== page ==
By CHINYERE OGBONNA – The Independent National Electoral Commission, INEC, has continue to express confidence that the card reader technology will check any plan to by anyone or group to rig the forthcoming elections in Nigeria.
The Chairman of the commission, Professor Attahiru Jega, at a town hall meeting with stakeholders today said that the commission had taken adequate steps to ensure that the card readers are configured according to polling units, making it impossible for the cards to be cloned or faked.
According to Chairman if the electoral umpire, Card Reader Objectives are- “You can only vote where you registered.
“If we do not use the card readers, we will lose in many fundamental respects. We have done field and quality assurance tests on the card reader and we are confident of its capabilities.
“Many Nigerians who participated in the demonstration have expressed satisfaction in the use of the card readers.
“Nigerians should be confident that cloned cards cannot be used. The card readers will not read cloned cards”.
He further gave key objectives of using the card readers and the impact the technology would have on the electoral process.
He noted that the card readers will be used to audit the electorate for future elections, eliminating the stress of accreditation and also help to provide statistical information on demographic immediately after the elections,”.
“We are doing everything possible to make sure that everyone gets their Permanent Voter Cards.”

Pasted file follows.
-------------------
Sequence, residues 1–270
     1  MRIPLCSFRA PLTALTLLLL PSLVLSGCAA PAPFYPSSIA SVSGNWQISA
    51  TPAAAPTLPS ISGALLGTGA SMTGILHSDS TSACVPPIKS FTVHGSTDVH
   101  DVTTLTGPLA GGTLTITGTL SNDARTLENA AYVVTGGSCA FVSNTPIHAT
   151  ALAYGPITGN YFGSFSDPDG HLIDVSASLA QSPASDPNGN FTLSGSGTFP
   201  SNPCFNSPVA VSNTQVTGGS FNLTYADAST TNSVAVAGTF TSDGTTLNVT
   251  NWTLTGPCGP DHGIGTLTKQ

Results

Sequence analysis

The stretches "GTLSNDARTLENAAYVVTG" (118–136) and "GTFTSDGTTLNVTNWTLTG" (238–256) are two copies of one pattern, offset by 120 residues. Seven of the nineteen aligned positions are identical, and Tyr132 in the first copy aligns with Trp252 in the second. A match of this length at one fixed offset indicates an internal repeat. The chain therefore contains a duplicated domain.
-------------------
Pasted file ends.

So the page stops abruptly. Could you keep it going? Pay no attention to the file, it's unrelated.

Speaking on Internally Displaced Persons,IDIP’s, in camps, Professor Jega said that the INEC had made provision for them to take part in the electoral process, but expressed the fear that provision had not been made for all of them.
“We have no time or resources to organise elections for all IDPs in Nigeria. All IDPs in the three north-east states will be able to vote.
“We’ve found suitable locations in and out of IDP camps for easy access and participation in the elections,” he said The INEC boss clarified the role of the military in elections, saying: “We have never had armed military men in elections. Military guards the outer cordon around the different states to minimise movement. Unarmed policemen are to be at the polling units. Armed police can only stay three hundred metres away from the polling unit.
Professor Jega acknowledged that the extension of election had offered the INEC more time to prepare for the polls.
He noted that the six weeks extension of the election had enhanced preparations in terms of operation, logistics processing and in ensuring that there is tremendous value added to preparations for the elections.